The final public version of Windows 8 before launch has arrived, with updated features and a renewed push by Microsoft to persuade buyers its BYOD tools make it fit for business.
Microsoft has released the Windows 8 Release Preview, the final public version of the operating system before it goes on sale later in the year. Screenshot: Seth Rosenblatt/CNET News
As expected, Windows 8 Release Preview — Build 8400 — was pushed out by Microsoft to the public in 14 languages on Thursday. The final version is expected to be launched before November, so that it can be included in computers sold for Christmas.
"The Release Preview includes tens of thousands of improvements since the Windows 8 Consumer Preview build, including more personalisation options for the Start screen and improved multi-monitor support," Microsoft's Erwin Visser, senior director for Windows, wrote in a post to the Windows for Your Business blog. "This milestone signifies the final phase of development before Windows 8 is released to manufacturing and made available through Volume Licensing."
Windows 8 will give businesses the experiences people love and the enterprise-grade solutions IT departments need.– Erwin Visser, Microsoft
Microsoft took the opportunity of the launch to say again that the operating system is suited to corporate use, with a nod to the 'bring your own device' trend.
"Windows 8 will give businesses the experiences people love and the enterprise-grade solutions IT departments need," Visser said.
For example, the OS comes with new features for working remotely, locking down security anywhere and booting from a USB stick using the Windows To Go feature. In addition, it has touch interfaces even for enterprise applications built in the new Metro user interface, Visser said.
However, Microsoft encouraged companies still on Windows XP to upgrade to Windows 7, rather than jump now to Windows 8, as the preceding operating system is more mature.
"We encourage you to accelerate your move to Windows 7 to experience dramatic savings and functionality over Windows XP," he said. "It's also a good time to consider a proof-of-concept or small pilot for Windows 8 so you can experience first hand the business benefits enabled by the new capabilities described above."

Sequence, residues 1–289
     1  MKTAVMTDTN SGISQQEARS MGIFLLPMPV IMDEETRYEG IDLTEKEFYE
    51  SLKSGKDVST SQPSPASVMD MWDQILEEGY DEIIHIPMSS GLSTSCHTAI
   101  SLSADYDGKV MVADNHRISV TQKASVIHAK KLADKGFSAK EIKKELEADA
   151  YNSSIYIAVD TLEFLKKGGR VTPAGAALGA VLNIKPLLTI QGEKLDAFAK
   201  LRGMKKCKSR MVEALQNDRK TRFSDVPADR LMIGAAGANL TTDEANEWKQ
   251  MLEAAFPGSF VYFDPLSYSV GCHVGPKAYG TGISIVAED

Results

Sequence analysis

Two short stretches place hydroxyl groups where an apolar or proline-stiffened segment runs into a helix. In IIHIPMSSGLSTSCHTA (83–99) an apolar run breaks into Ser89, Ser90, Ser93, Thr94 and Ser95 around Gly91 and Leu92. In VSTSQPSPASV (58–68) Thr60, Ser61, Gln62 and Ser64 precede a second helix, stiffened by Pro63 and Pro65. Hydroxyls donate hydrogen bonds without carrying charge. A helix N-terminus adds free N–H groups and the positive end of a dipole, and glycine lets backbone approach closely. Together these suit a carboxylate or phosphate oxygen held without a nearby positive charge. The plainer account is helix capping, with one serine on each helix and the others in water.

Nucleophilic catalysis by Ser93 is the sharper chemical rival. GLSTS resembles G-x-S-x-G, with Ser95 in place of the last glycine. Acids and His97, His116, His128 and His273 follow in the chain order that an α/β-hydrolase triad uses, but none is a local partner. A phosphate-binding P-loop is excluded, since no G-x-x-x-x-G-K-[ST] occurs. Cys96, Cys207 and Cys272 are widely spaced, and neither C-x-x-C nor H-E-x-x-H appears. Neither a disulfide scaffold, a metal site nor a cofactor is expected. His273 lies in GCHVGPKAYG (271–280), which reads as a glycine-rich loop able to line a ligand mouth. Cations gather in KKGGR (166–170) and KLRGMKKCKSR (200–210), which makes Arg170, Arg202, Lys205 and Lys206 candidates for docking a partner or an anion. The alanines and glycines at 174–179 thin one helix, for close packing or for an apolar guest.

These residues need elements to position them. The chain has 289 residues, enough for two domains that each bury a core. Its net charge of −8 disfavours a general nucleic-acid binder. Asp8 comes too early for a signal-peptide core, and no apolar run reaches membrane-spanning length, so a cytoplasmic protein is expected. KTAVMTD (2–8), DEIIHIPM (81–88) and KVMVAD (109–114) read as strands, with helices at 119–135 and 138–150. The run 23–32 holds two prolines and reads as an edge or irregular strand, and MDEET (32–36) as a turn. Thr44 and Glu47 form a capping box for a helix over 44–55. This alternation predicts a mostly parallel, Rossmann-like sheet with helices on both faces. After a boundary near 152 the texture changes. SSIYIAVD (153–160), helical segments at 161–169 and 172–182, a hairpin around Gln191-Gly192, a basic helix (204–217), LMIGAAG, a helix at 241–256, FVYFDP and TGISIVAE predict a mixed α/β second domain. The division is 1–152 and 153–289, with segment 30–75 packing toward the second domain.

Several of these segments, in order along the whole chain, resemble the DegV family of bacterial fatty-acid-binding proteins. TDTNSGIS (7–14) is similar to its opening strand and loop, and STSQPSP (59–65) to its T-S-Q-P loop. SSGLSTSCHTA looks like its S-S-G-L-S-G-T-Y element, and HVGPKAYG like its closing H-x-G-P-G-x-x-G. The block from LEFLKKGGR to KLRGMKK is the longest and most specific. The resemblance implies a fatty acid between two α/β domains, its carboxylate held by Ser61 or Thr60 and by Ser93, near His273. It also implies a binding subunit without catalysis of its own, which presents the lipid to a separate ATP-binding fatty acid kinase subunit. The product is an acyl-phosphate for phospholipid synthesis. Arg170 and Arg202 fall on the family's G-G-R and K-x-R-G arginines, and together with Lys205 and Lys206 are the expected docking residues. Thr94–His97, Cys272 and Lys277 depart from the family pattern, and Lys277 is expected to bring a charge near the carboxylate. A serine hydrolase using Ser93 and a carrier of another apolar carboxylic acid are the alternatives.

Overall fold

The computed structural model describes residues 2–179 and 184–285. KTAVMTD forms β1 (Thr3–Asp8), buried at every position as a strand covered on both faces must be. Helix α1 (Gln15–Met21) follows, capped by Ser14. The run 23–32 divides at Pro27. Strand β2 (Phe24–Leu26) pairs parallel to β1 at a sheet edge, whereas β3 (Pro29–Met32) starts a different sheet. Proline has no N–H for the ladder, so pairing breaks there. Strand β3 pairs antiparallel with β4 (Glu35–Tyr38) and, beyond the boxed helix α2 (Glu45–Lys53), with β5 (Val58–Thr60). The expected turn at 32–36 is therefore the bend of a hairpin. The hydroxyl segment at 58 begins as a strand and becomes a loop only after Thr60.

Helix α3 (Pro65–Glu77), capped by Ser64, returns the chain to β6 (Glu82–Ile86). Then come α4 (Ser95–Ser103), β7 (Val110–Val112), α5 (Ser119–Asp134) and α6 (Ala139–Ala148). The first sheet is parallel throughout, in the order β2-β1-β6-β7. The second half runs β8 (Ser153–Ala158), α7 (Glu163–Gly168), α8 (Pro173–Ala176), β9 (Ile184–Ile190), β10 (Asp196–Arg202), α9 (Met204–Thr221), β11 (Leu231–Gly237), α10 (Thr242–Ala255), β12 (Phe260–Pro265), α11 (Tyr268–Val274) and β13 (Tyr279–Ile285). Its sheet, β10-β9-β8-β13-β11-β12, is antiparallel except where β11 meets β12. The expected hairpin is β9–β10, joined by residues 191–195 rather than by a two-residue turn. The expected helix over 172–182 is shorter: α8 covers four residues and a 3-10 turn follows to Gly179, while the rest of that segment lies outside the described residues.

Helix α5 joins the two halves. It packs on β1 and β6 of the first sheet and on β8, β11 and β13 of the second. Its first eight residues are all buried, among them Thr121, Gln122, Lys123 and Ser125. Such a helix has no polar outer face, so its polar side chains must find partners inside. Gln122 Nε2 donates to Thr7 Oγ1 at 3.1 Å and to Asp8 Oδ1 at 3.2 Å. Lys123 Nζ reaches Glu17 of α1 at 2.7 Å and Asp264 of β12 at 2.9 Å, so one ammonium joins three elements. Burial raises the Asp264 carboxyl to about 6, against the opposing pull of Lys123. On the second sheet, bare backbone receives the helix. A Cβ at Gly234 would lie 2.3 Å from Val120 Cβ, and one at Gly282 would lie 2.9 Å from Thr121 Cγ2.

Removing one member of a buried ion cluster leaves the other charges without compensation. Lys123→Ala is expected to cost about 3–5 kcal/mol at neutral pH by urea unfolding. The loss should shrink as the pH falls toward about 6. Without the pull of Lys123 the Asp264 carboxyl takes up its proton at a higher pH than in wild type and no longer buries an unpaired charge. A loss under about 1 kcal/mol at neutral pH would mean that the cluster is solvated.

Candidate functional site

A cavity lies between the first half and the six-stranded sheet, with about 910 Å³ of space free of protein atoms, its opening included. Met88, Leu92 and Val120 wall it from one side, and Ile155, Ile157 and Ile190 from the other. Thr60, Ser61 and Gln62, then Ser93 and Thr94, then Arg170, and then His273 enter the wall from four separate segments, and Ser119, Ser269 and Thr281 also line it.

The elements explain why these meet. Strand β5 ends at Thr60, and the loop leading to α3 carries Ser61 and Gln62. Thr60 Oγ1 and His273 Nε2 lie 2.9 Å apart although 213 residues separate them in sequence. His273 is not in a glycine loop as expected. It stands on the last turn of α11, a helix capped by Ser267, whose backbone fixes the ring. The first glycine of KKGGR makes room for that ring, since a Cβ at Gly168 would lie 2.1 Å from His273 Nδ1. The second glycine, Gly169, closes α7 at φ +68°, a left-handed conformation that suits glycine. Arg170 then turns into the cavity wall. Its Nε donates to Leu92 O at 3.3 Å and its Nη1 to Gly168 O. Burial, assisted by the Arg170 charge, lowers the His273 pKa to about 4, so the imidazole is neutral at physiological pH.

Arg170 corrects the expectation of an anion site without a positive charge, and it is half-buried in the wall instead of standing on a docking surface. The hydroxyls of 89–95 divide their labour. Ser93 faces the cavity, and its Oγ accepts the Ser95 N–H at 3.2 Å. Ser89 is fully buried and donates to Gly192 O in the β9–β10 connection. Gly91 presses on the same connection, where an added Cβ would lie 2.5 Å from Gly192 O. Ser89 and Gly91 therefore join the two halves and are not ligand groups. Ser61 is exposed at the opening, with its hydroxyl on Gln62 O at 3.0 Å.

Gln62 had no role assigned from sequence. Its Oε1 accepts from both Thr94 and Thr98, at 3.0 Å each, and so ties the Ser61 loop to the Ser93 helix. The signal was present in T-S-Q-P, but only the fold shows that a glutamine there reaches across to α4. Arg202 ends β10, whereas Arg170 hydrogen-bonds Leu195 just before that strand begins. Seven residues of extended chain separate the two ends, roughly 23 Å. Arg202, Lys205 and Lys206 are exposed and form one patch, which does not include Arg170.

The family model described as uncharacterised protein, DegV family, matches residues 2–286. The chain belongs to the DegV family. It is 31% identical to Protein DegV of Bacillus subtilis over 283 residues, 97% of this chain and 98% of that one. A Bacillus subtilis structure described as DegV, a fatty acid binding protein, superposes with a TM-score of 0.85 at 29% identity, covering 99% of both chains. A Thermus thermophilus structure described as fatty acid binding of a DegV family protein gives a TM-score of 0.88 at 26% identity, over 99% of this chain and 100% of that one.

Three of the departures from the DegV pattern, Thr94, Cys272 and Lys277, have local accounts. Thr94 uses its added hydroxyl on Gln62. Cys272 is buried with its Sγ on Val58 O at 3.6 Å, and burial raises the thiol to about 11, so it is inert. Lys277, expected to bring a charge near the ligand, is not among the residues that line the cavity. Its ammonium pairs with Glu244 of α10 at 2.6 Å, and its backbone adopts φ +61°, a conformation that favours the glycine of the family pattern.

The USB-boot Windows To Go feature is a neat way for businesses to load a secure Windows OS onto any device, going by the hands-on look ZDNet UK got at CeBit earlier this year. Furthermore, by layering the Metro user interface over typical business applications, Microsoft envisages that people can manipulate data in more intuitive touch-oriented ways.
Microsoft also said that Adobe Flash Player is now fully integrated into IE 10. However, ZDNet UK's sister site CNET News reported that the Flash capability was not ready when it saw the software.
With the release of the Windows 8 Release Preview, Microsoft will continue gathering data on the operating system and will use this to make changes to the codebase to let the OS "maintain a quality level higher than Windows 7", Microsoft's Windows president Steven Sinofsky wrote in a blog post on Thursday.
If all goes to plan, the operating system could be released to manufacturing [RTM] before the end of July.
"If the feedback and telemetry on Windows 8 and Windows RT match our expectations, then we will enter the final phases of the RTM process in about two months," Sinofsky said. "If we are successful in that, then we are tracking to our shared goal of having PCs with Windows 8 and Windows RT available for the holidays."
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